- 35-spline S/T induction hardened axles
- Aluminum rear-end cover
Because Strange’s custom S60 case is designed specifically for this application (it’s not a cleaned-up, old Mopar part), the F-car’s suspension components bolt right up to it. The only considerable detail to work out with the axle swap was the driveshaft. Because the S60’s pinion is longer than the 10-bolt’s, a shorter driveshaft was required. So, after careful measurements were taken with the axle installed, a custom metal-matrix shaft from Strange was ordered to fit. It bolted up without a hitch and the Camaro project car was again mobile—and ready to withstand the stress of a high-boost blower engine.
Keeping tabs on a force-inducted engine usually requires instruments that aren’t found in a vehicle’s standard gauge cluster. That means adding auxiliary gauges and it’s a process that’s been done as long as hot rodders began experimenting with power adders in the 1940s and 1950s.
A quick scan of any performance parts catalog or Web site reveals dozens of different instruments, all seemingly vital to monitoring engine performance. But when it comes down to it, there are four gauges that are more important than the rest when used with supercharged and turbocharged engines.
Boost Gauge: A simple instrument to install by tapping into a vacuum source on the engine (usually by inserting a “T” fitting where a vacuum hose is located on the intake manifold), it delivers a reading of positive manifold pressure when the supercharger or turbocharger is generating boost. For most bolt-on supercharger and turbo systems, a gauge with a maximum range of 15 to 20 pounds of boost is adequate. Higher-boost gauges are available in 30- and 60-pound ranges.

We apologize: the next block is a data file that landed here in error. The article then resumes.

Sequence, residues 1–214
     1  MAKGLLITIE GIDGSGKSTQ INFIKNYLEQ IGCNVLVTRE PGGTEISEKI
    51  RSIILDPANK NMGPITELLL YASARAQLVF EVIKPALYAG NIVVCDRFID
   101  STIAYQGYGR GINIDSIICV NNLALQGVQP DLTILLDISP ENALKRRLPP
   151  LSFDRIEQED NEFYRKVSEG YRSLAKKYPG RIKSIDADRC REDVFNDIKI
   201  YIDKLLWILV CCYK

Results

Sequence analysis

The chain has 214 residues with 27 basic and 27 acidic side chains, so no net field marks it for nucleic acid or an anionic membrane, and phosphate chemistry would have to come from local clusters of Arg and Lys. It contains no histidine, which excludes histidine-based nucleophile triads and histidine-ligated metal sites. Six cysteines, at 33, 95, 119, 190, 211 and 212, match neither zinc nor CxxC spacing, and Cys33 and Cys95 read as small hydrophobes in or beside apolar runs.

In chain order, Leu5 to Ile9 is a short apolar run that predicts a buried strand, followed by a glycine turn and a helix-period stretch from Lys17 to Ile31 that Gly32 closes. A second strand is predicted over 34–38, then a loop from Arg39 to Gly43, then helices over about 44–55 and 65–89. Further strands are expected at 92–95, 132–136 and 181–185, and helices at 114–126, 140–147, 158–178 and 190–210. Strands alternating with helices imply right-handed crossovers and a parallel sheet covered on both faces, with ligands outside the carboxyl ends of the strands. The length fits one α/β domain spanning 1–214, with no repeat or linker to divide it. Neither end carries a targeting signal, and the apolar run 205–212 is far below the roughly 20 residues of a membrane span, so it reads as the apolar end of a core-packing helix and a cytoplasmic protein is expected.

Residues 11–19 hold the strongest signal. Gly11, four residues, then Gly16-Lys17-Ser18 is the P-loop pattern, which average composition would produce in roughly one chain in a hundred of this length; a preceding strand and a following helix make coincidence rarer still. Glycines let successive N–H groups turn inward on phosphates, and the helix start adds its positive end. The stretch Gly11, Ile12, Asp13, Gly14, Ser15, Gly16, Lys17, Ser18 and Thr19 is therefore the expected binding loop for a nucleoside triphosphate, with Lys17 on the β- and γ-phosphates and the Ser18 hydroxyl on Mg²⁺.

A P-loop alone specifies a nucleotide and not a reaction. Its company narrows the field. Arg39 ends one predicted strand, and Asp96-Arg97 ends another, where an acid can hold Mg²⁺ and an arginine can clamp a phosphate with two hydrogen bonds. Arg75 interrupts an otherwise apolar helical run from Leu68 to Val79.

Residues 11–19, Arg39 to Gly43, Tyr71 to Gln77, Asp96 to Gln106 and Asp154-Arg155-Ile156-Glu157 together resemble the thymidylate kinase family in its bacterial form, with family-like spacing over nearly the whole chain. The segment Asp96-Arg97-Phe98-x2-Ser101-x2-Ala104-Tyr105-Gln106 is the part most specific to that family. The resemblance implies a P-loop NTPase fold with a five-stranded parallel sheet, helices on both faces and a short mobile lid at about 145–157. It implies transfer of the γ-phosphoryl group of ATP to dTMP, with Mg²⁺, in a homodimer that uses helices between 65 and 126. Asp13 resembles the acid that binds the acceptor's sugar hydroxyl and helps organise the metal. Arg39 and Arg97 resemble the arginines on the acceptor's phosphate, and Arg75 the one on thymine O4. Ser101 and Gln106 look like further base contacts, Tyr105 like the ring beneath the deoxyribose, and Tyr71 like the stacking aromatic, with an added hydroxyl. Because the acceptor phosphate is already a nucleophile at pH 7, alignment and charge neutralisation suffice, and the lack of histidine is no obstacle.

Fuel Pressure Gauge: More important than the boost gauge is the fuel pressure gauge, which can provide a glimpse of inadequate fuel pressure and give the driver the opportunity to shut off the engine before a leanout condition causes engine damage. An electric gauge is preferred for the higher fuel pressure of the electronically controlled injection systems found on LS engines. Because of the obvious safety concerns of tapping into the fuel system to draw the pressure reading, high quality fittings and lines (including braided steel) must be used. Typically, the fuel system is tapped at the Schrader valve on the fuel rail or the fuel pressure regulator.
Air/Fuel Ratio Gauge: Like the fuel pressure gauge, an air/fuel ratio (AFR) gauge can indicate a potentially damaging lean condition, but it is also helpful for monitoring the mixture to optimize tuning across the RPM band. Installation is fairly simple: It simply connects to the wiring of the oxygen sensors, whether factory-style narrowband or wideband sensors. It is possible to split the connection so at the flick of a switch, the AFR from each cylinder bank is read separately. Or, for the ultimate in engine minding, a pair of AFR gauges can be used to simultaneously monitor each cylinder bank.
Pyrometer (exhaust-gas temperature gauge):
The pyrometer is more useful with turbocharged engines, where the exhaust temperatures can be extremely high. Excessively high exhaust temperature can indicate a lean fuel condition, restricted engine air supply or damaged turbocharger. Installation involves connecting the gauge to a thermocouple that is mounted on the exhaust manifold, ahead of the turbocharger. Pyrometers are typically offered with maximum ranges of 1,200 to 2,400 degrees F. Lower-range gauges should suffice for most low- and moderate boost turbo engines.
Written by Barry Kluczyk and Posted with Permission of CarTechBooks